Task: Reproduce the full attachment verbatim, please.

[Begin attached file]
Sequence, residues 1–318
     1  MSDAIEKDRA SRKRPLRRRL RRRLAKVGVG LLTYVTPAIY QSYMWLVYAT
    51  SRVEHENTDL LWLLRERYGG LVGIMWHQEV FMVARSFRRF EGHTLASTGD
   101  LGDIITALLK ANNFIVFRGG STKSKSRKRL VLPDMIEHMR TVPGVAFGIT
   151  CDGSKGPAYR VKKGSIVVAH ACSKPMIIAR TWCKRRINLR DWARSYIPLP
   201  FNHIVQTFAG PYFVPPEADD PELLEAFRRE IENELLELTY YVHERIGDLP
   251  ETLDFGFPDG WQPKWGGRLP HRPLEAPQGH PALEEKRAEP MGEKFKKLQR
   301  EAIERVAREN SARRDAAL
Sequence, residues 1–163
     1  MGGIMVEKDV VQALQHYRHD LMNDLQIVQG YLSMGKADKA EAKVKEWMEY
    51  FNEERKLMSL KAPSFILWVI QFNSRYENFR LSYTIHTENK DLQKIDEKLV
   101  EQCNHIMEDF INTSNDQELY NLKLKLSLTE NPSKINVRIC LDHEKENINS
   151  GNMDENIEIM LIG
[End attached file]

Sequence, residues 1–318
     1  MSDAIEKDRA SRKRPLRRRL RRRLAKVGVG LLTYVTPAIY QSYMWLVYAT
    51  SRVEHENTDL LWLLRERYGG LVGIMWHQEV FMVARSFRRF EGHTLASTGD
   101  LGDIITALLK ANNFIVFRGG STKSKSRKRL VLPDMIEHMR TVPGVAFGIT
   151  CDGSKGPAYR VKKGSIVVAH ACSKPMIIAR TWCKRRINLR DWARSYIPLP
   201  FNHIVQTFAG PYFVPPEADD PELLEAFRRE IENELLELTY YVHERIGDLP
   251  ETLDFGFPDG WQPKWGGRLP HRPLEAPQGH PALEEKRAEP MGEKFKKLQR
   301  EAIERVAREN SARRDAAL
Sequence, residues 1–163
     1  MGGIMVEKDV VQALQHYRHD LMNDLQIVQG YLSMGKADKA EAKVKEWMEY
    51  FNEERKLMSL KAPSFILWVI QFNSRYENFR LSYTIHTENK DLQKIDEKLV
   101  EQCNHIMEDF INTSNDQELY NLKLKLSLTE NPSKINVRIC LDHEKENINS
   151  GNMDENIEIM LIG